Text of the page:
Routledge; 2nd edition (1970 Reprint). See "Hospers (John) - An Introduction to Philosophical Analysis - Fourth Edition" for the (somewhat briefer, and very different) 4th Edition

"Hospers (John) - An Introduction to Philosophical Analysis - Second Edition"

Source: Hospers (John) - An Introduction to Philosophical Analysis

Preface to the Second Edition (Full Text)
  1. Those who approach philosophy for the first time do so from a variety of motives. Some are drawn into philosophy from their interest in the sciences, some from the arts, some from religion; others come to philosophy without any academic background, motivated by an uneasiness about "the meaning of things" or "what the world is all about"; still others have no motivation more specific than that of wanting to know what people are talking about when they use the word "philosophy." Accordingly, the demands that different people make of philosophy and the questions that they expect it to answer are as diverse as the motives leading them to it; as a result, the books that are written to satisfy these demands are similarly diverse. Often two books professing to introduce readers to philosophy contain little or none of the same material. For these reasons it is impossible to write a book that will satisfy all or perhaps even a majority of readers.
  2. One might try to overcome this difficulty by writing a book so comprehensive that all the problems that anyone considered philosophical would be treated in it, and the readers would have only to select portions in which they are most interested. This, however, is hardly possible in practice: a book of a thousand pages would not begin to suffice. Nor would it be feasible to devote just a few pages to each problem: this would leave only outline summaries of the various issues, which would mean little to the readers; they might learn the meanings of some terms and absorb a few "general trends" from such a presentation, but they would not have been given enough material to make the problem come alive for them. The capsule method is even less successful in philosophy than it is elsewhere. The only apparent solution, then, would be to include not all but only some of the issues in the field. This method has its drawbacks, however, for no matter which problems are included and which are excluded, many readers are bound to object both to some of the inclusions and to some of the exclusions. Yet this is the policy that has been followed in this book, as the one with the fewest all-round disadvantages.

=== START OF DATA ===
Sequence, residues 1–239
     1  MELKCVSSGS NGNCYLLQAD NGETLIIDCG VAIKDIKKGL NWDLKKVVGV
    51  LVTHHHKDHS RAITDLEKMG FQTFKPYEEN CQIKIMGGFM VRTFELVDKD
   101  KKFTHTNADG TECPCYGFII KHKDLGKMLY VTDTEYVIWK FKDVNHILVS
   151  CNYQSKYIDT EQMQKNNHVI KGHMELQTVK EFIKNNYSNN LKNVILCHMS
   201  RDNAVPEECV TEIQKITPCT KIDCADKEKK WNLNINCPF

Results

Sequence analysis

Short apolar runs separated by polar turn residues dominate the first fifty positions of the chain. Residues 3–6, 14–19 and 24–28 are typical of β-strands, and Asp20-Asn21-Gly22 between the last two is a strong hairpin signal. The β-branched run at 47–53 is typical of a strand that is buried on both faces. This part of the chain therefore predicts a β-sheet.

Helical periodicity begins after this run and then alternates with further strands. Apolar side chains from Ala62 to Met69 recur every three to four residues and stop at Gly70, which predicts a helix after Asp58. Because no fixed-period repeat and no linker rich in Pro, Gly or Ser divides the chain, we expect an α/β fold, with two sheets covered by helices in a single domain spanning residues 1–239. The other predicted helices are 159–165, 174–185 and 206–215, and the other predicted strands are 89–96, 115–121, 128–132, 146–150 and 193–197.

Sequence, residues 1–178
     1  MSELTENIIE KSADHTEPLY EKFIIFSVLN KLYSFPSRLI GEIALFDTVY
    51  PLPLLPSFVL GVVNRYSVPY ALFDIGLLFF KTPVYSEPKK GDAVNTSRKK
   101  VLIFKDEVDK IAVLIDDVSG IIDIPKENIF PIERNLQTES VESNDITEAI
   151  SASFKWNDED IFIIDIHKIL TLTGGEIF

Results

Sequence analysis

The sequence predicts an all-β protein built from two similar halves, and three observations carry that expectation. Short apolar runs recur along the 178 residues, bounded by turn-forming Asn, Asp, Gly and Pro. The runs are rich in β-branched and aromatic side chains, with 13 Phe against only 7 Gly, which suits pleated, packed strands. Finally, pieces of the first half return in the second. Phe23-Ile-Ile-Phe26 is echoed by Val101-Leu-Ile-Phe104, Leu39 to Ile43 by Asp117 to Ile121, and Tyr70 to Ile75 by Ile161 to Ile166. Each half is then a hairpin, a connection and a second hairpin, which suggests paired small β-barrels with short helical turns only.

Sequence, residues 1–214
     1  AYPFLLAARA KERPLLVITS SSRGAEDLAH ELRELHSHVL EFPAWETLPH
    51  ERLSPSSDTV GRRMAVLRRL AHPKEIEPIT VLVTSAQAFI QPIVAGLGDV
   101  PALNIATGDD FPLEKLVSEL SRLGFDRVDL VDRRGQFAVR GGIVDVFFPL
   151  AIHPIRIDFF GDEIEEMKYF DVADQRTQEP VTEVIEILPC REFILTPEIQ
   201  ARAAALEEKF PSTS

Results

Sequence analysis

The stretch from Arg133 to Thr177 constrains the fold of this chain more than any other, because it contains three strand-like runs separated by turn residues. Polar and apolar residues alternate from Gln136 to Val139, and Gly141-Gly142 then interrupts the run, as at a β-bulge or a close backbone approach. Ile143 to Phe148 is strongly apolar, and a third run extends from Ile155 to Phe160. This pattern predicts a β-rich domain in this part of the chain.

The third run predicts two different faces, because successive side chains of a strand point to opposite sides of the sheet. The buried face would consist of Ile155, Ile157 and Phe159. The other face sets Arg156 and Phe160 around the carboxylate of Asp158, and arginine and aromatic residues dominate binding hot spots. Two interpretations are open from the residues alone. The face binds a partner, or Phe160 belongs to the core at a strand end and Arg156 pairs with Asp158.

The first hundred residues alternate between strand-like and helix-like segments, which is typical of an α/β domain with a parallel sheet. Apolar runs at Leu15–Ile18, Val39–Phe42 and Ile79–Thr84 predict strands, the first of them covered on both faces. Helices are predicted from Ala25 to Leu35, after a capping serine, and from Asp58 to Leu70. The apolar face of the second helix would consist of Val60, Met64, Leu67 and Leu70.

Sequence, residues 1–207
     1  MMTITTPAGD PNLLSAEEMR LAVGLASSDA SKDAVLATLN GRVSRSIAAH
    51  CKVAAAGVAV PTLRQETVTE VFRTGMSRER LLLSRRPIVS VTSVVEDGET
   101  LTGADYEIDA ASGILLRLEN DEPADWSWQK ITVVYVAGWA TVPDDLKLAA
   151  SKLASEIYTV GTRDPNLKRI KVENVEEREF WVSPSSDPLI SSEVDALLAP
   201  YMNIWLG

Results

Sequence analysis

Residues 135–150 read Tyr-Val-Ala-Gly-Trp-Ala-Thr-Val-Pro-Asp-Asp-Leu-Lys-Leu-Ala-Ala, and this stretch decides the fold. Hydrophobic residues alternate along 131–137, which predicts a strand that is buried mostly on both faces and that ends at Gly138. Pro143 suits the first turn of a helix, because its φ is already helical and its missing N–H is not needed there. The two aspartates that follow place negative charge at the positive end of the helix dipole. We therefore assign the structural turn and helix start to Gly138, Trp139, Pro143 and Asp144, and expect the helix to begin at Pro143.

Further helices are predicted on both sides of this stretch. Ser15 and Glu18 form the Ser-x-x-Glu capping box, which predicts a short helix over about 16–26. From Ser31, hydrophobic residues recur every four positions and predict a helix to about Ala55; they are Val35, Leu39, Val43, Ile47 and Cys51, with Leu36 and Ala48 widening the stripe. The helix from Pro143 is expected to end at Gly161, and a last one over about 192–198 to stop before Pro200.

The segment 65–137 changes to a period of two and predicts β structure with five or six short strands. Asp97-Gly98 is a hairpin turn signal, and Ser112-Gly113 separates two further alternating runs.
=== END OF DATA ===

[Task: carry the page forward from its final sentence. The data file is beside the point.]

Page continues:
3. This edition has been almost completely rewritten; very few pages of the first edition, written thirteen years ago, survive in the present one. Except for the title and the main structural outline of contents, it is virtually a new book. All the sections have been radically changed, and new sections have been added: on concepts, sources of knowledge, the problem of universals1, and various other issues. The chapter on aesthetics has been omitted entirely, though with regret, since this topic is not usually treated in introductory courses, and the space has been used to make possible a fuller treatment of metaphysical and epistemological problems.
  4. … [snip … acknowledgements]